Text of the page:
Texas Needle-Swap Activists Face Charges
BY Matthew Van Atta
January 24 2008 12:00 AM ET
Police plan to
seek drug paraphernalia charges against three San Antonio,
Texas, activists who were caught operating their own
Bill Day, a
cofounder of the nonprofit group Bexar Area Harm Reduction
Coalition, and board members Mary Casey and Melissa Lujan
were initially cited January 5 with possession of drug
paraphernalia, a misdemeanor punishable by a fine of
up to $500.
A police officer
spotted the three parked at a corner ''with several
known prostitutes and drug addicts next to the vehicle,''
according to a police report. Day told the officer he
was offering clean hypodermic needles in exchange for
dirty ones, the report said. Police confiscated the
clean needles, left the group with the dirty needles, and
Chief David Head said his department plans to refile the
case this week with the Bexar County prosecutor's office
with a charge of distribution of paraphernalia, which
carries a punishment of up to a year in jail.
enormously decent, charitable people, and what's happening
with them smacks of persecution,'' said Neel Lane, one of
the attorneys representing the coalition.
come as Bexar County health officials wait for a state
attorney general's opinion on legislation passed last year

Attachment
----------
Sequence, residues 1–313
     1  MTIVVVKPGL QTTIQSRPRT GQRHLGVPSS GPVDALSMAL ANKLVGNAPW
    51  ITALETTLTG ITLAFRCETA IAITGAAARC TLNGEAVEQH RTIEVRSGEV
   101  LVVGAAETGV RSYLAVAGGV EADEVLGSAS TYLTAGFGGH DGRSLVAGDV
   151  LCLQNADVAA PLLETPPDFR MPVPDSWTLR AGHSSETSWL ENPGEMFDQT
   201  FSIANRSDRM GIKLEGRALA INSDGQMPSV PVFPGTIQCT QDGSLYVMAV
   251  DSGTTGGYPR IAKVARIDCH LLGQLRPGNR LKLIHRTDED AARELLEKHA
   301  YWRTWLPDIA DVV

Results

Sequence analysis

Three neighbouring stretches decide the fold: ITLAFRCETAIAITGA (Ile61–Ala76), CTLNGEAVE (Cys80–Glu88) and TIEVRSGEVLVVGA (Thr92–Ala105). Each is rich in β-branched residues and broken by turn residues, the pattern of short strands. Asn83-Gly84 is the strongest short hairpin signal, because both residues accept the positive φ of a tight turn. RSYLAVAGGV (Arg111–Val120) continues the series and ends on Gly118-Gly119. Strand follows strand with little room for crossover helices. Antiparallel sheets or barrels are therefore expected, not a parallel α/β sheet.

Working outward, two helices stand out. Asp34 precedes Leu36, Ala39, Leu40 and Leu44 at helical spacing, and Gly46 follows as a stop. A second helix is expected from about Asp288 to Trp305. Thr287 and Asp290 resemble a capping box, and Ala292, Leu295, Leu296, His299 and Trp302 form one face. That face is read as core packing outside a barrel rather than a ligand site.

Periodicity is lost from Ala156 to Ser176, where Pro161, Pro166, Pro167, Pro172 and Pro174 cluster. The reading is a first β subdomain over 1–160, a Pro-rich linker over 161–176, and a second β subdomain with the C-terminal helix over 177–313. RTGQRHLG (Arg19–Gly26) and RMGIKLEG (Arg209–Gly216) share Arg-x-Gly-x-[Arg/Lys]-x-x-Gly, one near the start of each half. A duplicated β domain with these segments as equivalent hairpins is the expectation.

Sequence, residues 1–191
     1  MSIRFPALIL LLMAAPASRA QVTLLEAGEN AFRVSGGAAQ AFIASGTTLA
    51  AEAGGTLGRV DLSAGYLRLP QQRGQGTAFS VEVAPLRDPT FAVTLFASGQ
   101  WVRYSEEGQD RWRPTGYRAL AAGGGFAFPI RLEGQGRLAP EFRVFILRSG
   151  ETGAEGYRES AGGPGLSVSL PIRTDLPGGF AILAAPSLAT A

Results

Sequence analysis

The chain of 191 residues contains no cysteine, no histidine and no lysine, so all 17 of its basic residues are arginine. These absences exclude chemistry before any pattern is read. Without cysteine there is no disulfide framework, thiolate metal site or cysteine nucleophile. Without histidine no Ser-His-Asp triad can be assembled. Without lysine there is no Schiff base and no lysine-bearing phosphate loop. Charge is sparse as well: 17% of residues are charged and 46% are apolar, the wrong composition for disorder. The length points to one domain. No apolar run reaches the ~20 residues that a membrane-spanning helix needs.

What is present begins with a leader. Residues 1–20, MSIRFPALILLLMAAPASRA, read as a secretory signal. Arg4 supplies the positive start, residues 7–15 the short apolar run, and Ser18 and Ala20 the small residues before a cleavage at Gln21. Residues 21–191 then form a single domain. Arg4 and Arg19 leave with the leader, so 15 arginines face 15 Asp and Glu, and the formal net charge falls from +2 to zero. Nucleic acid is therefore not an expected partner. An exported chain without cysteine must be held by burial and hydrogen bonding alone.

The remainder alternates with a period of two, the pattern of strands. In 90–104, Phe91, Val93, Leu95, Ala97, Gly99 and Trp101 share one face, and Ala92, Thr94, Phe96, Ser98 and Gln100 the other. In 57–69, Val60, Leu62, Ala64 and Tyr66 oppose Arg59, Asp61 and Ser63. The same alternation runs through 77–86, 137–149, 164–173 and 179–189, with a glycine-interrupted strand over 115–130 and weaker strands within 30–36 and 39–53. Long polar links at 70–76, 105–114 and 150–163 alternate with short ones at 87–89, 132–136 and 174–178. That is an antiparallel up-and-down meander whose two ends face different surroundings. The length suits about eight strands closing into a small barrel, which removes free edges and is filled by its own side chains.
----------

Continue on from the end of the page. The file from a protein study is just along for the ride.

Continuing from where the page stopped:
authorizing the county to pilot a needle-exchange
program. District Attorney Susan Reed has warned local
officials that the legislation doesn't shield
participants from drug paraphernalia laws.
Head said if the
pilot program moves forward, the law would allow only
the county's health authority to run a syringe-exchange
program, and not a private group such as Day's.
Day has been open
about his group's work. ''Our volunteers regard their
involvement as a Christian ministry work intended to
alleviate egregious suffering and improve the lives of
the least among us,'' he said. ''The statement and
actions of the district attorney have brought all needle
exchange activities to a halt. As a result, we can expect
transmission of hepatitis and HIV to increase.''
needle-exchange programs said they are key to reducing the
rates of AIDS and HIV infections, and cut down on the
transmission of other diseases such as hepatitis.
Opponents counter that the programs promote drug use.